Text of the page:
BACKGROUND & AIMS:
Cirrhosis from hepatitis C virus (HCV) infection is a major cause of end-stage liver disease and hepatocellular carcinoma worldwide. We determine the prevalence of cirrhosis among HCV-infected American adults including those unaware of their infection.
Using the National Health and Nutrition Examination Survey (NHANES) data, we identified participants aged ⩾20years with detectable serum HCV RNA. The prevalence of advanced fibrosis and cirrhosis was determined for eras 1 (1988-94), 2 (1999-2006) and 3 (2007-2012) by using FIB-4 >3.25 and APRI >2.0, respectively.
Out of 52,644 NHANES examinees, 49,429 were tested for HCV, of whom 725 met the inclusion criteria (positive HCV RNA with available data for FIB-4 and APRI). Based on APRI, 6.6% (95% confidence interval [CI]: 2.2-11.0) of HCV-infected adults in era 1, 7.6% (95% CI: 3.4-11.8) in era 2 and 17.0% (95% CI: 8.0-26.0) in era 3 had cirrhosis. In the multivariable regression analysis, this era effect was attributable to increasing age (odds ratio [OR]:1.04, 95% CI: 1.02-1.07), diabetes (OR: 2.33, 95% CI: 1.01-5.40) and obesity (OR: 2.96, 95% CI: 1.15-7.57). Cirrhosis was as common among respondents who were unaware of their infection as those who were aware (both 11%). Results were identical when FIB-4 was used.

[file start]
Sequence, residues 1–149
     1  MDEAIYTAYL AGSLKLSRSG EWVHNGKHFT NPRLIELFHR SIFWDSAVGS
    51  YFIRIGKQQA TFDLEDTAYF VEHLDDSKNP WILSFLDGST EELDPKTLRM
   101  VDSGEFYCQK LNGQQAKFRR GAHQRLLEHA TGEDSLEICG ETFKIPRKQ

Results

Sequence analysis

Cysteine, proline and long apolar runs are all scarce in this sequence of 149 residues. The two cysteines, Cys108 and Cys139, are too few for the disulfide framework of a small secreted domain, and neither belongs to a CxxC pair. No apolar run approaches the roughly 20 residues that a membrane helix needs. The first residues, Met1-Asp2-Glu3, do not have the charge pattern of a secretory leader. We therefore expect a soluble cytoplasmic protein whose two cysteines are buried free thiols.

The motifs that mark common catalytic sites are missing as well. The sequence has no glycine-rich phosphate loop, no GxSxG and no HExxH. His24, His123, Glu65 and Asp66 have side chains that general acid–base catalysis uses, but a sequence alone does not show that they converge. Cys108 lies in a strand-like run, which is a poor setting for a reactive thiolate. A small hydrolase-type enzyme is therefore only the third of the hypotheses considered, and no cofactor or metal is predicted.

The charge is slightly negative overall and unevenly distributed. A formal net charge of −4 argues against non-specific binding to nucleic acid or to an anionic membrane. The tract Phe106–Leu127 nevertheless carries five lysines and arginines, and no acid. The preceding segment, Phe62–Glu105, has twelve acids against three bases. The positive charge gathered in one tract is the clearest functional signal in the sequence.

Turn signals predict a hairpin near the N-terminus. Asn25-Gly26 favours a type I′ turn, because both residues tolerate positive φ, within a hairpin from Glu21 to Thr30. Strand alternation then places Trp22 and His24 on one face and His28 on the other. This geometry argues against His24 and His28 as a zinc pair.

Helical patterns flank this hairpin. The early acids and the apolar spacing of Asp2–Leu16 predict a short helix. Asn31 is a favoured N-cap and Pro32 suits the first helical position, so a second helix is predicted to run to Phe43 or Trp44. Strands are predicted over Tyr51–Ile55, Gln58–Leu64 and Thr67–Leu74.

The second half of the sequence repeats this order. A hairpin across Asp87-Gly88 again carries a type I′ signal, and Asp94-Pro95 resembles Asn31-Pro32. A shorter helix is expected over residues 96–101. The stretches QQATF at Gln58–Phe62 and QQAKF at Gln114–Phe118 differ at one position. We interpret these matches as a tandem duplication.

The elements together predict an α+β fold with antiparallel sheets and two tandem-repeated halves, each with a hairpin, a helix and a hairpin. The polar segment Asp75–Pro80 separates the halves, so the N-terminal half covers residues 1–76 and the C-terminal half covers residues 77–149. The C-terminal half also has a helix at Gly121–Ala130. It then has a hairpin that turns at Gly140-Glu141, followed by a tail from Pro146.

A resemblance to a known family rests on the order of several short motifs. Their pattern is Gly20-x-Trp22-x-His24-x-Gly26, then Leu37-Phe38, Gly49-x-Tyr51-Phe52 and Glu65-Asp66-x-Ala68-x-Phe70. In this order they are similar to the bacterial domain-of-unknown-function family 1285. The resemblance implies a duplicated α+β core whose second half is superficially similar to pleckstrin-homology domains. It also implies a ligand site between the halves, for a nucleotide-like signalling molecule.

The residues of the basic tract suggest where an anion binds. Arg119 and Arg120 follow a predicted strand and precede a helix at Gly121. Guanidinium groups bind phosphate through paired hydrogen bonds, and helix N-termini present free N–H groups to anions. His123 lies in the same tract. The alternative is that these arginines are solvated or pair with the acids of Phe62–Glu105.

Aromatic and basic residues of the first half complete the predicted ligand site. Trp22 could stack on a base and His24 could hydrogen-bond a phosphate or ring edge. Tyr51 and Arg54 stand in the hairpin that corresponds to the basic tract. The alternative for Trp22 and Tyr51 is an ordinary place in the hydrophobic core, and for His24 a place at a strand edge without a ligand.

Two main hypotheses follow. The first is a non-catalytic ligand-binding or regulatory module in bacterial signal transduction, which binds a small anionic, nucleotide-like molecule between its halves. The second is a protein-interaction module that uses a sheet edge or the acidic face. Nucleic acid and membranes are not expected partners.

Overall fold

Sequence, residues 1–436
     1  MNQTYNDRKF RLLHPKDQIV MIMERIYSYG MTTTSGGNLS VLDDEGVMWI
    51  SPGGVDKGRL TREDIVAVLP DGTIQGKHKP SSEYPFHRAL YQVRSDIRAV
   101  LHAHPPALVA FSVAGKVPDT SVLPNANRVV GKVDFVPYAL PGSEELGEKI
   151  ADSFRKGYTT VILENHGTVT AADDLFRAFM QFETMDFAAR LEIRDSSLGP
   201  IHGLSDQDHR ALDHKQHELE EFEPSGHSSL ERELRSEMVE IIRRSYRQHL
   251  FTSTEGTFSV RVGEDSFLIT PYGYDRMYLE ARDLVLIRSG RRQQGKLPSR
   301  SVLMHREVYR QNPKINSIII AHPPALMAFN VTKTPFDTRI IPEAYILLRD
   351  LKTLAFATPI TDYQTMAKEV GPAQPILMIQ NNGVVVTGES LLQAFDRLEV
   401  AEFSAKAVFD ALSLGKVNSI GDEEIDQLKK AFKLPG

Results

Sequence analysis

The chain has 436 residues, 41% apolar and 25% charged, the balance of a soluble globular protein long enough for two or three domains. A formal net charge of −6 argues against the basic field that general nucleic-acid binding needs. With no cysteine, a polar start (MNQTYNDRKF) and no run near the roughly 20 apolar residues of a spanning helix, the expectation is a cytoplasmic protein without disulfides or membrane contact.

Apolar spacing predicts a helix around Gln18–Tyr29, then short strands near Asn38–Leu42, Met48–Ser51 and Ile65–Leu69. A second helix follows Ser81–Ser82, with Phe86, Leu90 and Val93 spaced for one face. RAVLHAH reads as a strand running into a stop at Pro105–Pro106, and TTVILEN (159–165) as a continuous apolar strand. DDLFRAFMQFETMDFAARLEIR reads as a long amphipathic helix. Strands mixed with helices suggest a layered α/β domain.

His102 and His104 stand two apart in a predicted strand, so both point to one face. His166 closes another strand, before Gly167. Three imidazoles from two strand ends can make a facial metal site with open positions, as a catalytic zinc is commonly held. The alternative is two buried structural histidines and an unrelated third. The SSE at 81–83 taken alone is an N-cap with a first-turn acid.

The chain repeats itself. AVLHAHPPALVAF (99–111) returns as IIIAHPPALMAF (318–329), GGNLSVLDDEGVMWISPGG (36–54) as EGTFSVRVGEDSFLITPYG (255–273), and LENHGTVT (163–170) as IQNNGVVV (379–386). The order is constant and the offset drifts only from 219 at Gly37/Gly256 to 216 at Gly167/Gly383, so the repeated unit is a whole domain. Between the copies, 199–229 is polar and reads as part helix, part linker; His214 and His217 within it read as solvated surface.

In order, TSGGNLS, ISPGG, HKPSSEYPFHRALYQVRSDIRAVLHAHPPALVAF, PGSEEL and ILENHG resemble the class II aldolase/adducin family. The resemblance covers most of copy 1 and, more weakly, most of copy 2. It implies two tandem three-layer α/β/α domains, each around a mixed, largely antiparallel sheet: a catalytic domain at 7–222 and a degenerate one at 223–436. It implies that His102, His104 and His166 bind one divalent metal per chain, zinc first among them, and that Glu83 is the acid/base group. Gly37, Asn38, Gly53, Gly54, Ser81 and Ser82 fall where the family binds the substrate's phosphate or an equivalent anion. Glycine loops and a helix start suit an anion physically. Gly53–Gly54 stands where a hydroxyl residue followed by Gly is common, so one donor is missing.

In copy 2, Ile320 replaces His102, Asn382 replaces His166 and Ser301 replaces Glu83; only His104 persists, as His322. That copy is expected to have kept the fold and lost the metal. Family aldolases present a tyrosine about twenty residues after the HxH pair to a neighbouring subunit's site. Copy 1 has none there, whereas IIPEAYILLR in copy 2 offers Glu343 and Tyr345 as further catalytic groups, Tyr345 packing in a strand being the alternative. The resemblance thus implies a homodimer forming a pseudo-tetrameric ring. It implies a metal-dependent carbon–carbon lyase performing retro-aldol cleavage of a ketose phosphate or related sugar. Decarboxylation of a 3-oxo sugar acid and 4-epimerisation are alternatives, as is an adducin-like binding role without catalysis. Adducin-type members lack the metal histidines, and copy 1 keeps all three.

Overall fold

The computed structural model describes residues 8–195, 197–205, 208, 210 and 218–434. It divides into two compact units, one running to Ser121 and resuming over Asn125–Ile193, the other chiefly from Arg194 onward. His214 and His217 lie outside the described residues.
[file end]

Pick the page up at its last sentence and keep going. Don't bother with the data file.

Among HCV-infected American adults, the proportion with cirrhosis has increased rapidly. Cirrhosis prevalence remains high in individuals unaware of their HCV infection. These data highlight the urgency for HCV screening regardless of symptoms, systematic assessment for liver fibrosis in those with HCV infection and institution of antivirals to prevent advanced liver disease.
Chronic hepatitis C virus (HCV) infection is a major cause of cirrhosis, creating a large public health burden. Based on the U.S. National Health and Nutrition Examination Survey sample, we found the proportion of patients with cirrhosis among Americans with HCV infection increased from 6.6% to 17.0% over the past two decades. Patients who were unaware of their infection were just as likely to have cirrhosis as those who knew about their infection, which highlights the need for screening and treatment for HCV at the population level.